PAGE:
The Regiment was, during the jubilee year, stationed at Hounslow, and on the fiftieth anniversary of Her Majesty’s accession, marched to London and lined the streets from Buckingham Palace, up Constitution Hill, to the top of St James’ Street. H. R. H. The Duke of Clarence, then a Captain in the Regiment was on parade with it.

On this occasion twenty five horses, selected for their appearance and colour (All brown) were provided by the Tenth to mount the Indian Native Officers who took part in the procession.

The Regiment also took part in the Jubilee Review before Her Majesty the Queen in the Long Valley on the 9th July, when His Majesty the King, the Prince of Wales and Colonel, marched past the Queen at the head of his Regiment, Prince Albert Victor commanding the right troop of the leading squadron.

A month prior to the Jubilee celebrations the Regiment marched to London, and lined the streets from Paddington to Holborn, on the occasion of the opening by Her Majesty, of The Peoples Palace in the West End, an institution the building of which is said to have been inspired by the late Sir Walter Besant’s book “All Sorts and Conditions of Men”.

2Soon after his succession to the command, Colonel Liddell obtained from the Commander-in-Chief permission to carry out a “Cavalry Raid” under conditions which were at that time a veritable innovation, and which has formed a precedent for many similar raids since. He was authorised to take the Regiment from Aldershot for three days operations under active service conditions, the stipulation being made that no expense be incurred by the public, and that only regimental transport be used. The raid was directed against an imaginary Army which landed at Portsmouth, successfully advanced and concentrated on the Hog’s Back, on its way to London. The Tenth started out from Aldershot on the 14th July 1886, and returned on the 17th. Great interest was manifested in military circles, and the movements of the Regiment keenly watched. The success of the raid may be judged by a letter, dated Horse Guards 3rd August 1886, which conveyed, to Colonel Liddell, the commendations of H. R. H. The Commander-in-Chief on the manner in which the march was conducted, reflecting great credit on him and the Regiment which he commands.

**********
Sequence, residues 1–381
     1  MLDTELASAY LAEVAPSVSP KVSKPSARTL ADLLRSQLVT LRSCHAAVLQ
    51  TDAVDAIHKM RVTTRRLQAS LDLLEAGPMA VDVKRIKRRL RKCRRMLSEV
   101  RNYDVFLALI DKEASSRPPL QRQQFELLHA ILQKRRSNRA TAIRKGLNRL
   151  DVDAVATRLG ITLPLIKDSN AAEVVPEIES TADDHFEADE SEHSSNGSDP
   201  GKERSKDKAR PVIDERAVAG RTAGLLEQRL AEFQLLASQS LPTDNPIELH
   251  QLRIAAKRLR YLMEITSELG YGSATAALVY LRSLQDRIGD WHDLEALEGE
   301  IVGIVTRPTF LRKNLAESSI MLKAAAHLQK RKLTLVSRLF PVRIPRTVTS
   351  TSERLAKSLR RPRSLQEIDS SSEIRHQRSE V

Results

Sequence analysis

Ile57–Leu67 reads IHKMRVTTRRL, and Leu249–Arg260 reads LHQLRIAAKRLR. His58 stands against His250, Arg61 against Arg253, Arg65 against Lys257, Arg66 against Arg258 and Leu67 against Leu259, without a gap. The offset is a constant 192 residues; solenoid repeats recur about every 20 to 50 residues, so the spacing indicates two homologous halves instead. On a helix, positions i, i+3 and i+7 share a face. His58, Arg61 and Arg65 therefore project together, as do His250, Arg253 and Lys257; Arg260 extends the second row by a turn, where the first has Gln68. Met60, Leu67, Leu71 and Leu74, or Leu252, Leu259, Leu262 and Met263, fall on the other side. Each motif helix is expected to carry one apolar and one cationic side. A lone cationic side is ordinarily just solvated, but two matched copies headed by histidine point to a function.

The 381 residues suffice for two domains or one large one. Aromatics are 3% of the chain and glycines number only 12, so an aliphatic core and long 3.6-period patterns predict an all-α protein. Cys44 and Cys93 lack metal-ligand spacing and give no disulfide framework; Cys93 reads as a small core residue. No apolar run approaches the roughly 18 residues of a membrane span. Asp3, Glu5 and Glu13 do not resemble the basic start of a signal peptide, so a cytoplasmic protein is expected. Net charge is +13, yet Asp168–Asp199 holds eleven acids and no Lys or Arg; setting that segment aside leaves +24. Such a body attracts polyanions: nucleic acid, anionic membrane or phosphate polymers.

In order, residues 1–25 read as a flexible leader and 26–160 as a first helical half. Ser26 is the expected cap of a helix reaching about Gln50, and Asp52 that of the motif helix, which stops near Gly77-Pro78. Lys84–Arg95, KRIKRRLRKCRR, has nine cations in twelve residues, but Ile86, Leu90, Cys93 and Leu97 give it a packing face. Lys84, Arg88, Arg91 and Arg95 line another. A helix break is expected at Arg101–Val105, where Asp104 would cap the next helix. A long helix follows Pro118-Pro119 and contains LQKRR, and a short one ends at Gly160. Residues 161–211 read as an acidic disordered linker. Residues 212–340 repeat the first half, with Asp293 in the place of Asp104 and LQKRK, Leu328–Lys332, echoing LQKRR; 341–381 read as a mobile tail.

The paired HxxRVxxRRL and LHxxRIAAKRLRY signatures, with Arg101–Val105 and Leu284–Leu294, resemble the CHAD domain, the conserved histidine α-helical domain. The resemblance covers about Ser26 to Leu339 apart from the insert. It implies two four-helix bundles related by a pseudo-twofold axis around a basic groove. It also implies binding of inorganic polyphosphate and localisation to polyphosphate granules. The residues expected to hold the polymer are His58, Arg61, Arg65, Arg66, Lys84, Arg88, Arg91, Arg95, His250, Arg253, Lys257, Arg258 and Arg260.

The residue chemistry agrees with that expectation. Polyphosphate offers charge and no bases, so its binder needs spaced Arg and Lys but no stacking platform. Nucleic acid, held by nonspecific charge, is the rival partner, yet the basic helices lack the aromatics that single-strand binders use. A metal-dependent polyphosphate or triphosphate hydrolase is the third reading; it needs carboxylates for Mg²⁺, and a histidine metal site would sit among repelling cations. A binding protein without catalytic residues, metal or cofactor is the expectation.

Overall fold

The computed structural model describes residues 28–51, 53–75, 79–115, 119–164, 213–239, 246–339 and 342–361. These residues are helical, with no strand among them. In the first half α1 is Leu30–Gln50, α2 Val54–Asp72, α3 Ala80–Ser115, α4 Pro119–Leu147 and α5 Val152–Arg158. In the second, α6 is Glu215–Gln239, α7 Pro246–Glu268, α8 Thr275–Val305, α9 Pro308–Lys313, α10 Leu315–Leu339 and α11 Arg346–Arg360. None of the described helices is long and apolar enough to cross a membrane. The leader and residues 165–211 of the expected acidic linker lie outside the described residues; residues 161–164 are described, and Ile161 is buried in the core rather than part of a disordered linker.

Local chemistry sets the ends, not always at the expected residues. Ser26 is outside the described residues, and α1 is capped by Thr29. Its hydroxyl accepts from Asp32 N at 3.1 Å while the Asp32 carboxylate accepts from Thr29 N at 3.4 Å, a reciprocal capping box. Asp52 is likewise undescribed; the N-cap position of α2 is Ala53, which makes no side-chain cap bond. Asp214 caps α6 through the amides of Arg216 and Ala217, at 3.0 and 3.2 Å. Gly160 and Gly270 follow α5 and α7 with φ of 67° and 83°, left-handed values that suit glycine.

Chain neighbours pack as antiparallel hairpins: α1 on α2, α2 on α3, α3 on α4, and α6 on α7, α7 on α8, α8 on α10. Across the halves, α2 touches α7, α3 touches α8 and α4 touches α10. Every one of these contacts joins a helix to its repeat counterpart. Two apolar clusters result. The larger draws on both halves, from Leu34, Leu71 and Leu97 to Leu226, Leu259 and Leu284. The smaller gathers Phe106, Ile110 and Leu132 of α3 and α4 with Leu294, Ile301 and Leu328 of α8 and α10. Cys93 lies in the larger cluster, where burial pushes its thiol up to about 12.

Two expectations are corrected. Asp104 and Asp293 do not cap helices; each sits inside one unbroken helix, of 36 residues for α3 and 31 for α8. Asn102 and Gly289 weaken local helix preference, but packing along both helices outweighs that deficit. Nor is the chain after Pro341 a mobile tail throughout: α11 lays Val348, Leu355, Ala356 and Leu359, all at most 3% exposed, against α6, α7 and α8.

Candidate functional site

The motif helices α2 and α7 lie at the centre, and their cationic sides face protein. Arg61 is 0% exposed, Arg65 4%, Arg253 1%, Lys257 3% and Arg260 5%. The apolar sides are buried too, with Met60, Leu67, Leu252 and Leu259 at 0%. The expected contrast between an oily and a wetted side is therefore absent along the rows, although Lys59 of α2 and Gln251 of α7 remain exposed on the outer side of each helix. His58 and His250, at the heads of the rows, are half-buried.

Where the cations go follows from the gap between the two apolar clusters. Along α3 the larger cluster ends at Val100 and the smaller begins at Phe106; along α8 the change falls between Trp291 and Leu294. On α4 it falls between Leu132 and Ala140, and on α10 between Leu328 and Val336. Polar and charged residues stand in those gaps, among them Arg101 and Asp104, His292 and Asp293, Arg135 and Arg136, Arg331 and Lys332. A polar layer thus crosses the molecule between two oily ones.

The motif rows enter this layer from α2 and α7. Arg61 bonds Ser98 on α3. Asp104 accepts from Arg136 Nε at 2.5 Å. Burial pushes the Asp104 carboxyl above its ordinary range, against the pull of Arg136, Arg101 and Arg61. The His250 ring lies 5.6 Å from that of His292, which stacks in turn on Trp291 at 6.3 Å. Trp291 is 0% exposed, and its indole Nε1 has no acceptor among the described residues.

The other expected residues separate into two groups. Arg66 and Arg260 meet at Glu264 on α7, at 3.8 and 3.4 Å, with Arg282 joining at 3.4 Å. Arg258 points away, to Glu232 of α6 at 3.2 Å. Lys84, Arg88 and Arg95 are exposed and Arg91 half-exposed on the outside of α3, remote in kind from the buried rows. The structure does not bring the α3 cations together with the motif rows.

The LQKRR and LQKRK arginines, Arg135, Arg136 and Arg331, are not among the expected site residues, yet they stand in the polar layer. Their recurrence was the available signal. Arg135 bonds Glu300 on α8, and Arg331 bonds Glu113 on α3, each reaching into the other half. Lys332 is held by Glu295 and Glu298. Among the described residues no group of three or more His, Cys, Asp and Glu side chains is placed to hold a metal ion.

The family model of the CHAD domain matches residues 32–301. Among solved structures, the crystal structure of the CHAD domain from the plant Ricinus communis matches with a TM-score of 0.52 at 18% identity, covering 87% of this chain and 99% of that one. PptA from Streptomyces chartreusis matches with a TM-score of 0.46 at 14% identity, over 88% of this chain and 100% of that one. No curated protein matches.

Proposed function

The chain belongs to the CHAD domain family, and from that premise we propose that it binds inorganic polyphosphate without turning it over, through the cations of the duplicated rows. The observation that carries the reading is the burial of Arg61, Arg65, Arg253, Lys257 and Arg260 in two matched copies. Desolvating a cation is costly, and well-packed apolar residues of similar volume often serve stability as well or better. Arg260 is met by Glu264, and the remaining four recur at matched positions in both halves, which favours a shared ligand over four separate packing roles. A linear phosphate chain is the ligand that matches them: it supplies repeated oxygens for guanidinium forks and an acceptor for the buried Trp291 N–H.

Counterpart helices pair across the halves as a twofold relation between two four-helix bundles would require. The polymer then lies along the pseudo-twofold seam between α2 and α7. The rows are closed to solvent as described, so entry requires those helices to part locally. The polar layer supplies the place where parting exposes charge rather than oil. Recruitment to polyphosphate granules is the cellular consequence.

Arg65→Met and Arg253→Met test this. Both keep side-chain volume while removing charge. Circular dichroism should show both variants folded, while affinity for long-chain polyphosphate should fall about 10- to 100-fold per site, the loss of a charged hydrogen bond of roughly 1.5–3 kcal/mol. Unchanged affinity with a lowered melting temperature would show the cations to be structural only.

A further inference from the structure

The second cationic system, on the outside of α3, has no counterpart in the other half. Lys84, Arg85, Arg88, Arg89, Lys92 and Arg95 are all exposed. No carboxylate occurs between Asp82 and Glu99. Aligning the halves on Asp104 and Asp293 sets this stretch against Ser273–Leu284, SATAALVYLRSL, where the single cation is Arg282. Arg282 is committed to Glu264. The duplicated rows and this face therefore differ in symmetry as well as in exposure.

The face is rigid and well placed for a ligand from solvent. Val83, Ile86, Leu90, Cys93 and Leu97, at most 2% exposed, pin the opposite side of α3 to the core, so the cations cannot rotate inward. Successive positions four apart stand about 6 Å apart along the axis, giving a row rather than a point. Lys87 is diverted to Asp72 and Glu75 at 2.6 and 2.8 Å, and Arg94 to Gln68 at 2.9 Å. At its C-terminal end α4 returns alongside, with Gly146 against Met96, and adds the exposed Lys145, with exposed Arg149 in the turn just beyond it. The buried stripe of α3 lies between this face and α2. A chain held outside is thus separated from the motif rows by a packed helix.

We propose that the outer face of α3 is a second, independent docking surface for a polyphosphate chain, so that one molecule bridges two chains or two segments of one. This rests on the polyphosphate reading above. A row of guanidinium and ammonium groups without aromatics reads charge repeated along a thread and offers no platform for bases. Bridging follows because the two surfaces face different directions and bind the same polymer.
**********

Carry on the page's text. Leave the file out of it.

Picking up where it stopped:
Another feature of Colonel Liddell’s command, which has borne prolific results in the Cavalry, was the purchase privately of a Nordenfelt machine-gun, and the receipt of sanctions to consider it part of the Regimental equipment. It was mounted on a two-wheeled galloping carriage, introduced by him, and was considered of such great service for Cavalry that six of the same pattern, with some improvements, were issued to other Regiments. When H. R. H. The Prince of Wales visited the Emperor of Germany, accompanied by Colonel Liddell, as stated above, — by the desire of H. R. H. –, a gun mounted on a carriage of the same pattern was presented as a present from England to Prince William of Prussia. Corporal (Afterwards Troop Sergeant-Major) F. Husstler was sent in charge of the gun and had the honour of explaining its use to the Emperor William I, and Prince William.